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Onigiri - How To Make Rice Balls

Another Westernized Asian food, sweetened onigiri.

There are hundreds of varieties of rice balls, but they are easy to make. Simply squeeze damp rice in your hands until it sticks, and you have a rice ball. Tadaa!

But plain rice is boring! I make sweet, flavored onigiri for dessert, and occasionally a spicy chicken rice ball for quick lunches.

You'll need 1 cup of steamed short-grain rice (see Sushi 101 for instructions on steaming rice on a stove top,) sugar, and the flavoring of your choice. For the recipe I'll be using poppy seeds.

It also helps to have an onigiri maker, a small plastic mold. You *can* use your hands, but it's sticky and messy, and the onigiri molds come in all sorts of fun shapes. Mine makes three balls at a time, in heart, star, and teddy bear shapes.

1 c steamed sticky rice, damp but not dripping
1/4 c sugar
3 tbsp poppy seeds

Using a chop/fold motion, add the sugar and poppy seeds slowly to the rice, mix well. It won't hurt your onigiri if you smash the rice, but it looks nicer if you have intact grains.

The residual water in the rice will dissolve the sugar and help to spread it evenly, but this also makes the rice even stickier. Have a damp towel on hand to keep yourself clean.

Fill your mold, or take a small handful, and squeeze tightly. Gently place on a flat plate and leave undisturbed for at least 15 minutes. This drying time will help to keep the rice balls together. That's it!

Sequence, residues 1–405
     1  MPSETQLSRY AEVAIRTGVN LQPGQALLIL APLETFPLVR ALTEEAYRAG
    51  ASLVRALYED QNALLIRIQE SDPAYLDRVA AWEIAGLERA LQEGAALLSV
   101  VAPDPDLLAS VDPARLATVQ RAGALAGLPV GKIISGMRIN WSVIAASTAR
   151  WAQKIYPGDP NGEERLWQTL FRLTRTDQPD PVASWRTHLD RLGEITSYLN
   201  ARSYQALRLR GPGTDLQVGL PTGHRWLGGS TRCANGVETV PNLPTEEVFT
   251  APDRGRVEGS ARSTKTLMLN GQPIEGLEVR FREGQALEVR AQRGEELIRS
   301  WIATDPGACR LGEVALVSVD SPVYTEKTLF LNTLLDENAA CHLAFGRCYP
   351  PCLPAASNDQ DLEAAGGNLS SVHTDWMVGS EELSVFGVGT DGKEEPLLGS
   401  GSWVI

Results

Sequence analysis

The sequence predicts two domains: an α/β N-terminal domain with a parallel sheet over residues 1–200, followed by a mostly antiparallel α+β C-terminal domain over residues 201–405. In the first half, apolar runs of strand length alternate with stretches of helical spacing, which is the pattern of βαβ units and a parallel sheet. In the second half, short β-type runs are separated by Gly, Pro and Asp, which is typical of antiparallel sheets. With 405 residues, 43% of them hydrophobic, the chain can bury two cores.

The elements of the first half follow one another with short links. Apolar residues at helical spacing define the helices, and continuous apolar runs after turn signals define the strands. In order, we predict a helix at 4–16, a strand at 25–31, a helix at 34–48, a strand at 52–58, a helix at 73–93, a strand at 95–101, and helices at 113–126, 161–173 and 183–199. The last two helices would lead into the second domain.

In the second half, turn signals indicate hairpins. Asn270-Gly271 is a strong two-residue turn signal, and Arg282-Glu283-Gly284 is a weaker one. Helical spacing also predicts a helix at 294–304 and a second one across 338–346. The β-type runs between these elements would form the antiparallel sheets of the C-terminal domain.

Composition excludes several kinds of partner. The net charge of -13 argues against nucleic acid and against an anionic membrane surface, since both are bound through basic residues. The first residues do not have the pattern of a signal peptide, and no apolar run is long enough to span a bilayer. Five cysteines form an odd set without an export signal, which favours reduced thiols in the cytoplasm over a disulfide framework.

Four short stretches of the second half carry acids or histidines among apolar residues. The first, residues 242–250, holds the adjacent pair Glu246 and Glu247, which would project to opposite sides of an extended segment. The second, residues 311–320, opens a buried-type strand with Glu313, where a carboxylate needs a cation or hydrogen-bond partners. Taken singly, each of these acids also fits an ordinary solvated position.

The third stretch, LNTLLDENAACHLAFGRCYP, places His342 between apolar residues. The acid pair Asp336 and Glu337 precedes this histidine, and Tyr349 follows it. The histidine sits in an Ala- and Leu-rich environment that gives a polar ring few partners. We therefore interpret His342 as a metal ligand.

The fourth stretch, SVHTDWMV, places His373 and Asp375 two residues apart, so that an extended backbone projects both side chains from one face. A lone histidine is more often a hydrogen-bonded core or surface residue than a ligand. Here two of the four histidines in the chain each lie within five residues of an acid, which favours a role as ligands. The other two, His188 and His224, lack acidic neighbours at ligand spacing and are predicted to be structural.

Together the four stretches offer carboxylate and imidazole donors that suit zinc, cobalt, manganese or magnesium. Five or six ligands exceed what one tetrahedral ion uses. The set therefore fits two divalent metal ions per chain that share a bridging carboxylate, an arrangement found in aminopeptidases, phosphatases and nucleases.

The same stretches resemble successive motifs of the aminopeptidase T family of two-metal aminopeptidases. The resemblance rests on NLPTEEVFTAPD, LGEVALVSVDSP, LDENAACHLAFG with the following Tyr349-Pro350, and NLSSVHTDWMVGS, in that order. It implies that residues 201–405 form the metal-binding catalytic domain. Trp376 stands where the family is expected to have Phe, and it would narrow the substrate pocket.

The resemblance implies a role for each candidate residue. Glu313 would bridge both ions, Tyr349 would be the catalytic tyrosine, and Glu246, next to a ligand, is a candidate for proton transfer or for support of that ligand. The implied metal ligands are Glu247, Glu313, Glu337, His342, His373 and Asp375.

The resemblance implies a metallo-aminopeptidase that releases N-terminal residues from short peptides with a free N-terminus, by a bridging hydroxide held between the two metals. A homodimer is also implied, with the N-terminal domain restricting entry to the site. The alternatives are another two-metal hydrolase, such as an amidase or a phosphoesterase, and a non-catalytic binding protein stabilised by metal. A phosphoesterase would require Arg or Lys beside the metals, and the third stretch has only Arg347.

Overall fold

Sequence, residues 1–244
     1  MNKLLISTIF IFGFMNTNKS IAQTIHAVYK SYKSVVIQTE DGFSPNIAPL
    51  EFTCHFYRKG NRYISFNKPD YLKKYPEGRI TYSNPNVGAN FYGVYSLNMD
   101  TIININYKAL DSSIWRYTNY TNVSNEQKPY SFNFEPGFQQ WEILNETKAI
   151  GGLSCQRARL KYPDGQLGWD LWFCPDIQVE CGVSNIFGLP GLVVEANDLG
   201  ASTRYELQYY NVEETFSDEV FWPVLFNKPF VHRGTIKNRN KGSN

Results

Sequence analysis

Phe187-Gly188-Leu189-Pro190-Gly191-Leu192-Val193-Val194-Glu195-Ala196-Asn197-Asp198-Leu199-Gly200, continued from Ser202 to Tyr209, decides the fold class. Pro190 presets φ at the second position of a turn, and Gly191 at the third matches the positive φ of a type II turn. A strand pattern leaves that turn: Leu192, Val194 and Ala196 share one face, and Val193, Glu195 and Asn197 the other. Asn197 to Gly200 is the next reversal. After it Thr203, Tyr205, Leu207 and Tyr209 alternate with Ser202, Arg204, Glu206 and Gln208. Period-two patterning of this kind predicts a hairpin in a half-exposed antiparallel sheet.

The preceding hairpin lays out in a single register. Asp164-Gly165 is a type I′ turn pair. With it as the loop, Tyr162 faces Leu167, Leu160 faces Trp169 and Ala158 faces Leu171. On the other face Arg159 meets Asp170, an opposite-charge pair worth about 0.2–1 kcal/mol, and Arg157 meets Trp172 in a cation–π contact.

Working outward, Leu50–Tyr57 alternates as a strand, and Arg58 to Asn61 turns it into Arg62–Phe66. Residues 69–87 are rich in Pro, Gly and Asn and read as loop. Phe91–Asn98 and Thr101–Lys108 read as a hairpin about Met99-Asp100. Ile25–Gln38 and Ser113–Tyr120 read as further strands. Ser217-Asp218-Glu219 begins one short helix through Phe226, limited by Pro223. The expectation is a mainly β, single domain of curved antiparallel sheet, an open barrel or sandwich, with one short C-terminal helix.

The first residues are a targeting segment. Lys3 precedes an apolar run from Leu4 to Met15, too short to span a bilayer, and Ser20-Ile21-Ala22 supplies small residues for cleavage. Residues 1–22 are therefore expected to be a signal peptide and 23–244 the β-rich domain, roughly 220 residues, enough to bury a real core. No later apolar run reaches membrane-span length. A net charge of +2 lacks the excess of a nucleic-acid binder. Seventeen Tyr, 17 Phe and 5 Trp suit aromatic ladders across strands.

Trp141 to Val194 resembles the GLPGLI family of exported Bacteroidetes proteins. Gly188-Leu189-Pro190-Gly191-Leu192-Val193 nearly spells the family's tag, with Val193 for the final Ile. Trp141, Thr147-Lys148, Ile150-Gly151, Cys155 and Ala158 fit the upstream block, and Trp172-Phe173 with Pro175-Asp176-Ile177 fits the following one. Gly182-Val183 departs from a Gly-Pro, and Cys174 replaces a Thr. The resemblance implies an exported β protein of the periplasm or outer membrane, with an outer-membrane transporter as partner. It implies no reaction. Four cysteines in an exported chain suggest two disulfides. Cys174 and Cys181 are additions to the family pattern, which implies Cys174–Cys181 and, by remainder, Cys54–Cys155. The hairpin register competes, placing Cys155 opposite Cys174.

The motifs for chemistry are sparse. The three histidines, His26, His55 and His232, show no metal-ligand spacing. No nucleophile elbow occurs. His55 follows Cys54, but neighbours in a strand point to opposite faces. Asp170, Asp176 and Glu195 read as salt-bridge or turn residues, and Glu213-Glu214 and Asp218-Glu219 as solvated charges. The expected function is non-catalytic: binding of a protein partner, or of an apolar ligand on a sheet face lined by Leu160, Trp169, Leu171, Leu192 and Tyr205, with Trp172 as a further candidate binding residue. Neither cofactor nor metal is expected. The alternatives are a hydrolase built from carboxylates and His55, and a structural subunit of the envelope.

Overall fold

Another flavoring I use often is 1 1/2 tsp cinnamon, 1 tsp nutmeg, and 1/2 tsp clove. You can also use diced cherries and a tiny bit of cherry juice, or peaches, or strawberries.

For my spicy chicken onigiri, I add a little powdered ginger, a bit of powdered garlic, salt, and a tiny amount of cayenne pepper to the rice while I'm boiling it, and let the spices soak in while it steams. Sometimes I also substitute 1/2 cup of chicken stock for the same amount of water. Dice a baked chicken breast, and mix it in with the steamed rice. Form and let rest.

You can also grill onigiri, which makes it easier to pack for lunches or picnics... less mess. Simply form the rice balls as normal, then bring a skillet to medium heat. Toss in a little butter to keep the rice from sticking, and gently place the ball in the skillet. Carefully grill each side until lightly golden. The best shapes for grilled onigiri are round, to roll on the grill, or a flat triangle, which flips easily.

Onigiri are great for using up leftovers, or making meats and veggies stretch farther. One cup of rice, and one chicken breast, combined with spices and formed into 2" onigiri will make roughly 20 rice balls. Three small rice balls fill me up, and my husband usually scarfs down four or five.

I'll put up suggestions for finding the supplies you'll need soon.